I had a chat last night with the CEO of a major parking equipment supplier. He was grousing about trade shows and just what is to be accomplished there. He commented that his technology, its return on investment, and its application was extremely complicated and certainly something that couldn’t be explained to someone walking through an exhibit hall.
He felt that he would be much better off not having a booth, but inviting people to a number of seminars held in a nearby hotel and really giving them an in depth look at his product and how it would affect their business. He felt that the time and money spent on the floor was wasted. He said that he would be better off giving a donation to the organizers of the event and then not worrying about booths, staffing, and the like.
He indicated he would probably spent more money with the "hotel suite" approach, but frankly, his return would be better. I have heard all this before, and on the surface it makes a lot of sense….
However, if everyone did that, there would be no event. No reason for people to flock to the locale for a week and be available for his seminar. The organizers might make the same amount of money, but the "draw" of these events, frankly, is the exhibition itself.
People want to see all the whistles and bells. They want to see, touch, smell, and taste the products and services available. Its a place for networking, meeting and greeting, and gossip. The booths form a backdrop where attendees can chat, renew old friendships and make new ones. (This includes vendor personnel, as well.) Its also an opportunity to put faces with voices and names they have spoken to only on the phone or communicated with over email. I don’t think you can put enough emphasis on this part of the ‘event.’
I grant that my friend would probably do very well with no booth and simply "sponging" off the show.(I’m told this is called ‘suitcasing.’) However my recommendation is that he do both. The cost of the booth is minimal. He would be bringing the same number of people anyway. Why not have the booth and use it to funnel people to his "events." Many exhibitors do that to great benefit. Some have their booths set up so private meetings can be held and organizers are moving more and more toward arranging times for such gatherings.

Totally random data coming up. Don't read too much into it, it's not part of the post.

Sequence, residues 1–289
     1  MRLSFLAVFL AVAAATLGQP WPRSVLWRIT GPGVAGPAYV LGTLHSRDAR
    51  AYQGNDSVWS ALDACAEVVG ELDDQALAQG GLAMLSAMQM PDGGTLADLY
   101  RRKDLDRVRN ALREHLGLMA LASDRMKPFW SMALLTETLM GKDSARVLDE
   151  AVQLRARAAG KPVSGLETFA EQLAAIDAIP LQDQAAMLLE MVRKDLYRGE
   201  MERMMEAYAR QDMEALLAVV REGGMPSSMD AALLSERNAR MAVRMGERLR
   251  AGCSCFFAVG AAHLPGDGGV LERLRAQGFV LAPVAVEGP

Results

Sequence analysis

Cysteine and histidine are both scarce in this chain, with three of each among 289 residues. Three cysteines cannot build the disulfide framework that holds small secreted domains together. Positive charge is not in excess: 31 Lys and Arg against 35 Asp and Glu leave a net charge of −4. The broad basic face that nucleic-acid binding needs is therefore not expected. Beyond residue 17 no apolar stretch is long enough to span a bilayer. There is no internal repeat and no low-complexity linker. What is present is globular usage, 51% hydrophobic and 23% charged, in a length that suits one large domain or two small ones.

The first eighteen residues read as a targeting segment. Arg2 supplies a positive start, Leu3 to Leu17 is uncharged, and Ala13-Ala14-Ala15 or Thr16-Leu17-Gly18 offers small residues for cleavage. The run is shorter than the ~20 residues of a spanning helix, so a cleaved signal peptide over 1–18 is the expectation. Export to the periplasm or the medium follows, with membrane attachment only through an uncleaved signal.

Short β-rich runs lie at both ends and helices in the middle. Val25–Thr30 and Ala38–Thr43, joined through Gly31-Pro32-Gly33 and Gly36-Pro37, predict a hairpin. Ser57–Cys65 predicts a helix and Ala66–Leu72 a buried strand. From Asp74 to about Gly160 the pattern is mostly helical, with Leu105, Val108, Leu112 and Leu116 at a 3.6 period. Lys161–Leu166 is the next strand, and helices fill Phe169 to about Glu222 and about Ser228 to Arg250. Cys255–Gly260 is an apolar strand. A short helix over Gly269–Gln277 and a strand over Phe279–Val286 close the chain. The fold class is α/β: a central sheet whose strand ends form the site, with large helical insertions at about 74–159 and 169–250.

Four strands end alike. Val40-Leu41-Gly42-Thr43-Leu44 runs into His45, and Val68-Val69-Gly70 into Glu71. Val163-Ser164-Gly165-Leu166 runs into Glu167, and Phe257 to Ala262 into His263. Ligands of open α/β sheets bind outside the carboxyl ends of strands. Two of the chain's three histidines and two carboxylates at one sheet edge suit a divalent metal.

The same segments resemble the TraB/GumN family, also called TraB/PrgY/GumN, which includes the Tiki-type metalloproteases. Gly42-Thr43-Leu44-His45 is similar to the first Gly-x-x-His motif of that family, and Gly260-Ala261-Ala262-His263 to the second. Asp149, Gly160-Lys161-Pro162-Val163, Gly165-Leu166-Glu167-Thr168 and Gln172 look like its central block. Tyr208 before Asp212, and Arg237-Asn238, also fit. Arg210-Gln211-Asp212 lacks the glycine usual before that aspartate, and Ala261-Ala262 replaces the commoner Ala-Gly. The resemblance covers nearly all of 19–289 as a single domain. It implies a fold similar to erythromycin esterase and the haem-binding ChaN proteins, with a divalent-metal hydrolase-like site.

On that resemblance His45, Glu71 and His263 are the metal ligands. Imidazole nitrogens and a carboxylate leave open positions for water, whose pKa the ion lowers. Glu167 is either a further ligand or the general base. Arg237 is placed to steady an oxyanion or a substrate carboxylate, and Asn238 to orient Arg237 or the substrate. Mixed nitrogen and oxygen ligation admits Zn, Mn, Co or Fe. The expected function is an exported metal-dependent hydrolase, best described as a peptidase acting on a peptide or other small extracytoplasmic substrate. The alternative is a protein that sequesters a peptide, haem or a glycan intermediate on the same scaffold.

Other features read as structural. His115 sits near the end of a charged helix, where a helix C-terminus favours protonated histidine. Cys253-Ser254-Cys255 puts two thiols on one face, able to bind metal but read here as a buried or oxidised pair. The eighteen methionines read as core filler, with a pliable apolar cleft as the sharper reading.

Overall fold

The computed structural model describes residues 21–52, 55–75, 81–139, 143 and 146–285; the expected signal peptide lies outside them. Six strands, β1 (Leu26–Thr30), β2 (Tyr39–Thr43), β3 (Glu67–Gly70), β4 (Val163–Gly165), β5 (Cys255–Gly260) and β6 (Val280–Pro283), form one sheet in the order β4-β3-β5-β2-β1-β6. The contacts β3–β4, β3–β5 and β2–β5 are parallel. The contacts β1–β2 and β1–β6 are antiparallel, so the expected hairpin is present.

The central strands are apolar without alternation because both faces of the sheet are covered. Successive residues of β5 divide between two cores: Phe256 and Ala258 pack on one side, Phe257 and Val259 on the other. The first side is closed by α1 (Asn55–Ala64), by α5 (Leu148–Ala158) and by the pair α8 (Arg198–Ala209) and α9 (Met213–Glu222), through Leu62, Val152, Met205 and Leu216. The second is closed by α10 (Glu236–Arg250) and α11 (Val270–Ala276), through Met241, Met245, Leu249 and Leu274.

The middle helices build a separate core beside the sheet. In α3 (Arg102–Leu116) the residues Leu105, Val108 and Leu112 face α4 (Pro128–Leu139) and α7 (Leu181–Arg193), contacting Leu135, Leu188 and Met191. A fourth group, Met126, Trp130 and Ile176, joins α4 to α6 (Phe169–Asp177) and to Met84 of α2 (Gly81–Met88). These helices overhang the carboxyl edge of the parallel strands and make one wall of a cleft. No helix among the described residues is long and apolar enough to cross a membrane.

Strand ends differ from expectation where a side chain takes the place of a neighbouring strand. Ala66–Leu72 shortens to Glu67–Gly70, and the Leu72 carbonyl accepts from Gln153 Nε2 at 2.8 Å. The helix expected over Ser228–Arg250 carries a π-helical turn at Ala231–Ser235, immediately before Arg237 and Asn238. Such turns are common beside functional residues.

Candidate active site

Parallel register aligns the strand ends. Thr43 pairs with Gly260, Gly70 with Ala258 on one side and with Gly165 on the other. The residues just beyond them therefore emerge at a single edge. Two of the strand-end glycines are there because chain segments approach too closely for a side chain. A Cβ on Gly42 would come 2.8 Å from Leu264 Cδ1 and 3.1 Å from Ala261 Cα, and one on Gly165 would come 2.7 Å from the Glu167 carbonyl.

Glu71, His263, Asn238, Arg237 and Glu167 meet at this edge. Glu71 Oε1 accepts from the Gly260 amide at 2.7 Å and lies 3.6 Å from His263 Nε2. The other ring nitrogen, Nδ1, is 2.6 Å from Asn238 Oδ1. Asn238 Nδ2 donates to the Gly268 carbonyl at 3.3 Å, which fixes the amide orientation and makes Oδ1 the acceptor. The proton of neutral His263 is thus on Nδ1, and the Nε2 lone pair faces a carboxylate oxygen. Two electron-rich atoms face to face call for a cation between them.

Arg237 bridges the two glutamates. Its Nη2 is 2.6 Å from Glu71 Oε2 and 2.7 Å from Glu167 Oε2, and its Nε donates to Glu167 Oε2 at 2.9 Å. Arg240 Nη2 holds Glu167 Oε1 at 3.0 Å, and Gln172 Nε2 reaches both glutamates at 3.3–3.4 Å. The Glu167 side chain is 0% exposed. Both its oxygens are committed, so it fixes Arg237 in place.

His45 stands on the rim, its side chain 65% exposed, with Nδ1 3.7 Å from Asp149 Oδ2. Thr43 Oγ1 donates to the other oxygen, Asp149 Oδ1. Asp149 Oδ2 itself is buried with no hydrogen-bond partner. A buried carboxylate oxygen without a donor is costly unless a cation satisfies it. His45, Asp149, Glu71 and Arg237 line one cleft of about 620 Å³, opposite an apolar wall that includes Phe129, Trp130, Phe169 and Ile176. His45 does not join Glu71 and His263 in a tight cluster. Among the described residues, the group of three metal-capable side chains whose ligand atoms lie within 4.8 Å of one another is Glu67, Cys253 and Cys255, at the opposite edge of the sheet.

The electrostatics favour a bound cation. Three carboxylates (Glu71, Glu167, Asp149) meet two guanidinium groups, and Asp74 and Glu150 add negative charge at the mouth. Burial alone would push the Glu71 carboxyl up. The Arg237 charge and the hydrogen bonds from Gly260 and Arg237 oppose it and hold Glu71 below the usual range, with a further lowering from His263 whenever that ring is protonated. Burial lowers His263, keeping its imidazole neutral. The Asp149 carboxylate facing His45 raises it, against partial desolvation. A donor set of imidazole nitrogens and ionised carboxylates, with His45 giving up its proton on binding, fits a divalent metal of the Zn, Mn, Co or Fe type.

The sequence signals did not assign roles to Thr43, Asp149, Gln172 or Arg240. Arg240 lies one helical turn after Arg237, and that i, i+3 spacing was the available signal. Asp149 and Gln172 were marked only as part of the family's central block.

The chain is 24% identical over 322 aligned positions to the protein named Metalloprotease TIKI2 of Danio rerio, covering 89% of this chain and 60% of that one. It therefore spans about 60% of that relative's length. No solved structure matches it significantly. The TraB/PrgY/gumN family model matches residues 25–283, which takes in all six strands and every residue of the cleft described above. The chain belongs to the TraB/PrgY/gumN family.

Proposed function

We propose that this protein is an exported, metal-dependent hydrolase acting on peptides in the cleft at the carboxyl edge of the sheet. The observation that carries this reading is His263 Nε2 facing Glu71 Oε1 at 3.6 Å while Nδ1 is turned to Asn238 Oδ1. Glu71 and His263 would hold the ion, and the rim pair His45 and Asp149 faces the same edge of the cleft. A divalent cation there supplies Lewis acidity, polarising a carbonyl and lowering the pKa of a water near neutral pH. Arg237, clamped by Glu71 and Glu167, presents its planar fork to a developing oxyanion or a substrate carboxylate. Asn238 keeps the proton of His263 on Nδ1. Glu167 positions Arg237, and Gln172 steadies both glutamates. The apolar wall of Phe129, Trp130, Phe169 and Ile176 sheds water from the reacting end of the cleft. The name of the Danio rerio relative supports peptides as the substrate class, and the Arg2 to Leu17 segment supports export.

But this all takes a lot of work prior to the show. Prospects must be contacted and meetings scheduled. The "suspects" must be culled prior to even arriving at the venue. Goals must be set and staff selected to provide the presentations necessary. You need to feel that if you do nothing more than that, you have been a success. Every person that comes into your booth that you don’t already know is gravy.
Of course most vendors don’t work that way. They arrive, put up their sign, pull out their newspaper, and wait for attendees to jam their booth and break their concentration on the sports pages. They then raise bloody hell because the attendance is so bad. Last year at PIE, I watched as 100 people walked past the front of a particular booth, and the fellow in it didn’t notice. He was intently working on his laptop. 20 minutes later he accosted me about the lack of traffic. What do I say to that?
My CEO friend believes strongly in individual discussions to "sell" his product. He is right. However the need for those discussion doesn’t abrogate the need for the "sizzle" of the exhibit hall floor.